The United States Department of the Treasury has agreed to the need for an investigation into Facebook’s forthcoming Libra stablecoin following a letter from Representative Emanuel Cleaver.
Per a press release published on Congressman Cleaver’s website on Oct. 22, the Treasury provided an affirmative response to Cleaver’s appeal to examine Libra and its corresponding wallet Calibra for potential systemic risk.
Cleaver sent the letter to Facebook, Calibra, the Financial Stability Oversight Council (FSOC), and the Office of Financial Research in August. In September, Facebook stated that it would postpone the Libra launch until U.S. regulators approve it.
Questioning regulators’ ability to supervise Libra
In its response to Cleaver’s request, the Department of Treasury noted that Libra must be compliant with Anti-Money Laundering/Combating the Financing of Terrorism (AML/CFT) guidelines as well as Bank Secrecy Act requirements.
The Treasury questioned the ability of both U.S. and foreign regulators to supervise Libra and require corrective action, if necessary, further stating that these issues must be addressed prior to Libra’s release. The Treasury added that it will monitor Libra and the cryptocurrency market in order to address possible regulatory gaps in tandem with the representative’s office.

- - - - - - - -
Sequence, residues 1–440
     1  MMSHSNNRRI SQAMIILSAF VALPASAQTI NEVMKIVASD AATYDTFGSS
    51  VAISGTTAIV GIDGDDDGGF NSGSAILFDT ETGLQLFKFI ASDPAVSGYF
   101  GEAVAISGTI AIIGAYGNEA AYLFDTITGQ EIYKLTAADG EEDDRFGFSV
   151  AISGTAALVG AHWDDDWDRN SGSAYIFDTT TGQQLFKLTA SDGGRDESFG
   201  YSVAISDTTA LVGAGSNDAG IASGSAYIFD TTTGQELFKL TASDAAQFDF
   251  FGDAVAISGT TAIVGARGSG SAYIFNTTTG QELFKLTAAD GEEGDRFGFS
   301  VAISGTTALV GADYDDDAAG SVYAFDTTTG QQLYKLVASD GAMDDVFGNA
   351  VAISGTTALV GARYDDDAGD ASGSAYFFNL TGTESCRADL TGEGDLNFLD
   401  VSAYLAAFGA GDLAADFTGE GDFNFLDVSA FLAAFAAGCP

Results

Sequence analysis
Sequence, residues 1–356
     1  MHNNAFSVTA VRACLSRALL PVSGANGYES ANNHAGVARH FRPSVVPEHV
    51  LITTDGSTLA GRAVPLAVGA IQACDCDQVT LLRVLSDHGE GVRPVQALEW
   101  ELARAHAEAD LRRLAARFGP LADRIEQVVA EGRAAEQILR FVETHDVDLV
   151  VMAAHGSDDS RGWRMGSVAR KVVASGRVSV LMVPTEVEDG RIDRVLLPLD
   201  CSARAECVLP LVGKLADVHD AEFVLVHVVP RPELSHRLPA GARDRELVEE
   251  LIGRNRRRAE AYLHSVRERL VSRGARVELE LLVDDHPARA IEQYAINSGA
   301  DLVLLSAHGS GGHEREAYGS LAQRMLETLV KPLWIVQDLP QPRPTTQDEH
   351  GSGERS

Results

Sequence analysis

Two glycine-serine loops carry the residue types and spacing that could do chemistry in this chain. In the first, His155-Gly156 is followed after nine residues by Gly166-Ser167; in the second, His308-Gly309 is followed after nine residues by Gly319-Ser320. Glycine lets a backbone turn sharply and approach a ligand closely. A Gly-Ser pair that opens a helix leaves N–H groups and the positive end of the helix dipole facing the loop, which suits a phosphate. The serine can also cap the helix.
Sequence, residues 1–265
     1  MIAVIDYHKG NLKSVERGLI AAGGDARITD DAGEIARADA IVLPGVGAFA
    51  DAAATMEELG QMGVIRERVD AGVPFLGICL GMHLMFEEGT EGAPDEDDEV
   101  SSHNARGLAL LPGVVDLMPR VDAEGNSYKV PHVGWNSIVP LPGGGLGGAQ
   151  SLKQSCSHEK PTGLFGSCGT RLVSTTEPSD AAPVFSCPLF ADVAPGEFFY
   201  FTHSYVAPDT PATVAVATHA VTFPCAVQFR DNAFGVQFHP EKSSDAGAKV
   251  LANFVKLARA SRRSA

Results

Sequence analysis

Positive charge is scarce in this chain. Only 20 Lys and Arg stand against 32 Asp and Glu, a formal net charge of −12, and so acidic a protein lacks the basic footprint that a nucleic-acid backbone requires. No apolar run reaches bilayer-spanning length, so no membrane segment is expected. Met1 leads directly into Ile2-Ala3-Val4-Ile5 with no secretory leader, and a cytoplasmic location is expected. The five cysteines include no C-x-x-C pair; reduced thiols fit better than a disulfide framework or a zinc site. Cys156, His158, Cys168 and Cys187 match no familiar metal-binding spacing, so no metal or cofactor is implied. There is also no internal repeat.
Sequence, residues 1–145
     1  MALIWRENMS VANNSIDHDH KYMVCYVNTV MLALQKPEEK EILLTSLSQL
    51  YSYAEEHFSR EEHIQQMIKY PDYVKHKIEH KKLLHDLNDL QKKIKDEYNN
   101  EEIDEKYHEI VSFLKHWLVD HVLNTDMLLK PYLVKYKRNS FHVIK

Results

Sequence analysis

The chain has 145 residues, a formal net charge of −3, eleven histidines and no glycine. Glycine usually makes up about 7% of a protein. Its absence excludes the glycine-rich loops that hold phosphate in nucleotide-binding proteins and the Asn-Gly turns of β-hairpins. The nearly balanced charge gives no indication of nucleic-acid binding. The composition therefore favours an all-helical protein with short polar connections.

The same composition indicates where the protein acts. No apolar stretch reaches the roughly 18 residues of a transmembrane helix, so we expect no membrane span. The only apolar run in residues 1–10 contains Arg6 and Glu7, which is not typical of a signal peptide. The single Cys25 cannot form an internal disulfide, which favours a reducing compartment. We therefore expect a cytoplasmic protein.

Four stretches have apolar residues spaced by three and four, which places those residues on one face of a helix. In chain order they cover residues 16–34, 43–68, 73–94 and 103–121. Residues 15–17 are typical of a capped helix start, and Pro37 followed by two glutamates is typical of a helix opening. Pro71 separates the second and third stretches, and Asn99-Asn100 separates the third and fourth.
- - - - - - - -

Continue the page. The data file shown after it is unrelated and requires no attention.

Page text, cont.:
Cleaver stated, “It is absolutely critical that any effort to launch a cryptocurrency be met with the most stringent of examinations to ensure such an endeavor does not pose a systemic risk to the global economy.” He added:
“I appreciate Facebook’s willingness to work with federal regulators as the company seeks to launch Libra, which has the potential to update—or upend—our financial system. As Facebook works down this regulatory road, it is imperative that we affirm that terror financing and money laundering is not advanced through Libra, and, according to FSOC, significant concerns remain.”
Zuckerberg’s testimony before Congress on Libra
Cleaver received the letter a day before Facebook CEO Mark Zuckerberg testified before the House Financial Services Committee regarding Libra. At the hearings, Rep. Tim Mahoney asked Zuckerberg to commit to keeping Libra from all wallets that maintain lower standards of Know Your Customer and AML controls than those that Facebook is promising for its Calibra wallets.
Zuckerberg said, “I can’t sit here and speak for the whole of the Libra Association, but you have my commitment from Facebook.”
Zuckerberg also assured the committee that Facebook will not launch Libra anywhere in the world without having satisfied U.S. regulators.